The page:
Home          MnWE News



“MnWE News” Early Summer, Post Conference Issue
May-June 2019

View this email in your browser
or view previous issues.

In this issue:





     5. About MnWE:
Forwarding the News, Joining/Leaving, Representatives

If you are a MnWE representative, chair of a department, or Writing/English Coordinator,
please forward this email to colleagues in English, Writing, Reading, ESL,
and related fields. Many new faculty and writing tutors may not be on the email list.

If you are a long-term member of this listserv, thank you
for your continued participation. If you are new, welcome! Our
listserv emails go to over 1500 English, Writing, and related Upper
Midwest faculty. To join, send a request to the editor at richard at jewell dot net.
Next Conference: “Civic Engagement through 21st Century Literacies”
Minnesota State University-Mankato, Fri.-Sat., March 20-21, 2020
Our website is at www.MnWE.org. You are welcome to attend our next
Committee meeting Fri., Sept. 20, 3:30-5:30 pm in UMN’s Nolte Center 235; or
ask me–richard at jewell dot net–how to Skype in to the meeting. – Richard Jewell, Editor


        The April 5-6 Conference on “Connecting Reading and Writing” was a great success in terms of the lively discussions based on the strong keynotes and plenaries, excellent breakouts, and variety of institutions represented. We had 140 presenters and attendees from forty-six universities, colleges, and high schools in five states. Presentations offered both practice and theory in the pedagogy of teaching reading and on teaching writing and literature in general.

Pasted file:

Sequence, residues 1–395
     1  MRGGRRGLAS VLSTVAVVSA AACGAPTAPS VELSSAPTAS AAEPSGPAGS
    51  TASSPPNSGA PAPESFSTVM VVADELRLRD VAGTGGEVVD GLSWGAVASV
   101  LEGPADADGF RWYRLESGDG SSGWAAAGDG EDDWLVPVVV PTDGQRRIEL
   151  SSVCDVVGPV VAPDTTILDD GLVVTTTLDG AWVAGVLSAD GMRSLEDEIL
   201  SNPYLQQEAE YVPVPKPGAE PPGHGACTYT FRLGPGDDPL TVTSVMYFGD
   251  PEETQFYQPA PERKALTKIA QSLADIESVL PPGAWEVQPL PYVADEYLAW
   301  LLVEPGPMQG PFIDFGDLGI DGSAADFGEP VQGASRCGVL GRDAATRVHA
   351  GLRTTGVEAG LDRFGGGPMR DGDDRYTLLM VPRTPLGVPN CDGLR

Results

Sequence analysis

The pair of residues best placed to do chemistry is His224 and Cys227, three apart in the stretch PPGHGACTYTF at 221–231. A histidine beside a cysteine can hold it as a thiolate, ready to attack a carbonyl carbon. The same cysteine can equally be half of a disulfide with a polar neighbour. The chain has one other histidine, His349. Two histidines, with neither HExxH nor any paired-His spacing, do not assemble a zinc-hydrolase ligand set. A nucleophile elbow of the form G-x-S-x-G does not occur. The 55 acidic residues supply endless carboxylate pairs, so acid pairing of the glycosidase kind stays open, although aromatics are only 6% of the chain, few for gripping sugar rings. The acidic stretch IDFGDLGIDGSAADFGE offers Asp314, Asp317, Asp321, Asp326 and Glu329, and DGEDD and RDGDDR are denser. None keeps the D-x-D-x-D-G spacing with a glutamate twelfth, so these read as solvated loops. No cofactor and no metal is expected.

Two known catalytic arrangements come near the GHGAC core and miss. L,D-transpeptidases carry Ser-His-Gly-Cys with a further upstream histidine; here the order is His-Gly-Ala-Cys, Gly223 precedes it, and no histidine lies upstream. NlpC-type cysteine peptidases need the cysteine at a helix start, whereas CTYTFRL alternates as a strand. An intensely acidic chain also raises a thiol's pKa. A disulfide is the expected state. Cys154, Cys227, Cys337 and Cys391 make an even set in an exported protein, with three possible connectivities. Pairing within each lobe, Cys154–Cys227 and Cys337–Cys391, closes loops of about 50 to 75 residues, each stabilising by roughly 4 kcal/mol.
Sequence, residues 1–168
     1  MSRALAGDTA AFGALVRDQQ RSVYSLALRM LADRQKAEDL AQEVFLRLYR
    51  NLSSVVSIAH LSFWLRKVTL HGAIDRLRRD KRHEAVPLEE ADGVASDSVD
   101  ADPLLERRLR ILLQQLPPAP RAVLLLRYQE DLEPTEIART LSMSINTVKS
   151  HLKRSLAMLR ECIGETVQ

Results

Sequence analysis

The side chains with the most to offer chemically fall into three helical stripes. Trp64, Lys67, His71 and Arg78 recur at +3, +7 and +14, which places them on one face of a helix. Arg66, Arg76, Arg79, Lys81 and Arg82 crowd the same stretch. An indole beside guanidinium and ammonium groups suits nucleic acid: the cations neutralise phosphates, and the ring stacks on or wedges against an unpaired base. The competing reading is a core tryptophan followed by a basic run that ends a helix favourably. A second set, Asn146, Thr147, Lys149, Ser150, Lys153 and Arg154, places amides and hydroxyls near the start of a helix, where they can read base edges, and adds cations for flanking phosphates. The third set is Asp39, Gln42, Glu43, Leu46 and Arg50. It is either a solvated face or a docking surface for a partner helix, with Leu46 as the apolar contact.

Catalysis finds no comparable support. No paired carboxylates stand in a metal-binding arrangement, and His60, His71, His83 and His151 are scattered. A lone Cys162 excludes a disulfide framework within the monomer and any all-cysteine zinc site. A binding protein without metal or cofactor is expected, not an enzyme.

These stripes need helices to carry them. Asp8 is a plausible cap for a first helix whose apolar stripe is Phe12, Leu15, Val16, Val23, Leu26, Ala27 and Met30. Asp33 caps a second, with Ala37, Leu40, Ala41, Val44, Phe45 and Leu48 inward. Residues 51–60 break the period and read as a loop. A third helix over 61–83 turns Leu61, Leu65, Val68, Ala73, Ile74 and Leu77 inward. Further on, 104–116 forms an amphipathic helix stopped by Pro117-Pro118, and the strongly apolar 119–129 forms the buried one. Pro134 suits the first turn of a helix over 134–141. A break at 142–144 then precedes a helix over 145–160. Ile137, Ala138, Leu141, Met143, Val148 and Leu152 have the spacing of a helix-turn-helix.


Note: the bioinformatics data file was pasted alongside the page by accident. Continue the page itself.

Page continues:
The consensus among most presenters, plenary speakers, and keynoters was that more teaching of reading is needed in our English and writing courses, and culturally broader readings and writings also are needed. In addition, top names in the pedagogy of teaching college English and writing have been calling for such teaching for decades. Such teaching, said our presenters, is easily within the purview of college teachers if we are willing to learn new approaches. This is true for writing, critical thinking, and literature, introductory or advanced, across the curriculum.


        Conference presenters, plenary speakers, and keynoters–as well as researchers–suggested we can no longer just assign students to “go research,” “go read your texts,” or “go think critically about your readings.” Instead, we need to say, “Let me offer you better ways of textbook, literary, and critical reading.”

        This includes, according to our many presenters, better reading of textbooks, research resources, and literature more clearly, easily, and critically at all levels. In addition, they say, we use our own techniques of reading, research, and critical thinking at a mostly unconscious level; as a result, we need to recover our awareness of how they work within us to understand how to teach them to students. This, our presenters told us, is true whether we are teaching students to read introductions and topic sentences, to read literature better by understanding its cultural roots, or to read critically for understanding and discussion. The Chronicle of Higher Education also reports research demonstrating these needs and colleges and universities across the U.S. responding.  
Chronicle of Higher Education:

(1) The Fall, and Rise, of Reading.” Researchers, a Harvard professor, and others report far less K-12 reading and a need to teach better college reading skills.

(2) “Why One University Went All Out on Teaching Reading.” U.Cal.-Santa Cruz creates a required college reading course in addition to its required writing courses.

Also recommended:

(3) National Council of Teachers of English: Sullivan et al., ed. Deep Reading: Teaching Reading in the Writing Classroom.